In case you didn’t already know, I happen to love (love, love) the show So You Think You Can Dance. As someone who used to dance for hours pretty much everyday, it’s practically a requirement. Dance is one of my passions, and a passion that is in part fuel for one of my other great loves which is clothing and therefore fashion/costume design (which I have a degree in).You see, I sort of like to live (in theory) as though we are always dancing, and your clothes should move with you and add to your “character”. Like in acting, costumes play a huge role in defining characters/mood/etc in a piece of dance. Sometimes the costume doesn’t just define the character but becomes a part of the dance, a metaphor, too, such as in a particular piece danced by Jeanine Mason and Kayla Radomski and choreographed by Mia Michaels in the So You Think You Can Dance finale on Wednesday evening.
The piece was meant to chronicle the transformative process the contestants of the show go through – that we all go through while making our way through our lives: working hard, shedding our layers, making our way to our “true selves”. The girls start stage left and make their way to the right, beginning in a frothy dress of many layers that they shed one by one like weight off their back until they’re free.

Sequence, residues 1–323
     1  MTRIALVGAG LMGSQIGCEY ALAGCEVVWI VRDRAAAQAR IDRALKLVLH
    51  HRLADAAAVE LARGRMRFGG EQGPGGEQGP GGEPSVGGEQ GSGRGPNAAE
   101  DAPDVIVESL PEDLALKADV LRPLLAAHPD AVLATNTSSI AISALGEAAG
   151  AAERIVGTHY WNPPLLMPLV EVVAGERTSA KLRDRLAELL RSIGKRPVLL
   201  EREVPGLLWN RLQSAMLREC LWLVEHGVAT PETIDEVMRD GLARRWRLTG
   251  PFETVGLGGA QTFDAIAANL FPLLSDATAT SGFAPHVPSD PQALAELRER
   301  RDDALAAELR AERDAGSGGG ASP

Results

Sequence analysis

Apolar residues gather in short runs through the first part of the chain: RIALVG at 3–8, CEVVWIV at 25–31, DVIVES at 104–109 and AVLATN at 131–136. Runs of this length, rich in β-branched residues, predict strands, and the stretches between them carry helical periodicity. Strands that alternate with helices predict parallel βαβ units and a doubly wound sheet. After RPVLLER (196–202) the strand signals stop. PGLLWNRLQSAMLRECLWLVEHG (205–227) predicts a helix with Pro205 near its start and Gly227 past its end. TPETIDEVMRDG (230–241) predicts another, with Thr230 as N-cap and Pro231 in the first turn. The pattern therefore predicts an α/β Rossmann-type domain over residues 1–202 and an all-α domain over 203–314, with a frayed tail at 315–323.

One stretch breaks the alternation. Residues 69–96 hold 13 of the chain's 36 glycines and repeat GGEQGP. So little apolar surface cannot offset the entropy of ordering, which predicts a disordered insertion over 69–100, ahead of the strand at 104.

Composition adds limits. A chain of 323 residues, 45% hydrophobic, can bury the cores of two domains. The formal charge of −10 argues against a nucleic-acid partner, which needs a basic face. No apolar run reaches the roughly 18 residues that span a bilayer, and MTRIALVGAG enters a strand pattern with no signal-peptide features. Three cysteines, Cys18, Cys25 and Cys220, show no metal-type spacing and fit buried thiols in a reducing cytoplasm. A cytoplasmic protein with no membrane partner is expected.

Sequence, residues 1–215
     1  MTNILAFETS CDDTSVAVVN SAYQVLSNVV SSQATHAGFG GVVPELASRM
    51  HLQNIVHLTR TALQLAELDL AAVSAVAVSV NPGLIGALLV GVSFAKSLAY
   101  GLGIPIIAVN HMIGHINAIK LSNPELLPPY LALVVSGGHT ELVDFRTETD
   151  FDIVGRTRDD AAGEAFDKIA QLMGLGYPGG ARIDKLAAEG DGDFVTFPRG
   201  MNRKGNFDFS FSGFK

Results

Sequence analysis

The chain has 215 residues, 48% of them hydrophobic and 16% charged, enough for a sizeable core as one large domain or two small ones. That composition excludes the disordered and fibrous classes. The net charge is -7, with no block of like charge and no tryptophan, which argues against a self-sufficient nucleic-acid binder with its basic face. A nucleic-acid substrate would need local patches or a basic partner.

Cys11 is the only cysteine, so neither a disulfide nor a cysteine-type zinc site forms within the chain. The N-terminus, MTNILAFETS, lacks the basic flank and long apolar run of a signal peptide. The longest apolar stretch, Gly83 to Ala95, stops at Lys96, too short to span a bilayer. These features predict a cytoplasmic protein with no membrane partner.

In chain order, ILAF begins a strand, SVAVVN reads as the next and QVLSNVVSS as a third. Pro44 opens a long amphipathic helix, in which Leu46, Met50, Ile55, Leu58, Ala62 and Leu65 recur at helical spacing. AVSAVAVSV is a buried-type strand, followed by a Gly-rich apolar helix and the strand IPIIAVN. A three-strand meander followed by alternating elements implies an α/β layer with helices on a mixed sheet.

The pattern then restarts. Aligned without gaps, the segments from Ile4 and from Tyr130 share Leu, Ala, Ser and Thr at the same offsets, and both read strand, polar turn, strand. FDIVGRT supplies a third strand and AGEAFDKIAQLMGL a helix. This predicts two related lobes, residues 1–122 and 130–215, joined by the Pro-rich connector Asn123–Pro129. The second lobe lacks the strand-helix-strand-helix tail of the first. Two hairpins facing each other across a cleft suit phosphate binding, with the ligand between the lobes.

While there were many (many, many) wonderful dances of the show (and out there in the world), I was immediately transfixed, admittedly, by the costumes in this piece. I loved the big colorful frothy dress and they way all of its colored layers moved, and was delighted with every single incarnation of the costume as it’s layers were removed. Each worked and moved so well together. Bashfully, I admit that while the dance was beautiful I spent in inordinate amount of time watching the the dress. I’m a nerd like that, in case you haven’t been able to tell by how many times I had to watch the video to get decent screen captures. (since I can’t find it on youtube watch it here)
I guess I just relate really well to the metaphor of the dance, and the literal interpretation of shedding layers of clothes as shedding the layers of oneself. I’m reminded of my younger years when I was always, always dressed eccentrically in a cacophony of bright colors. I wanted to be sure that I stood out. I had too. I would feel too naked and anonymous and “not me” if I were out in jeans and a tank top. It felt wrong. And slowly, slowly over the years I’ve become ok with myself enough that, while I still rock my sometimes eccentric style, I am actually able to go out in jeans and a tank top or incredibly simple anonymous dress. I’m ok with being simpler, now. And somehow, I’ve found, people can still see “me” (which I can’t lie, I was a little surprised about).
Sorry for the posting pokyness, loves. Been shedding some (metaphorical) layers. I’m working, however, on getting back on the posting train. ;)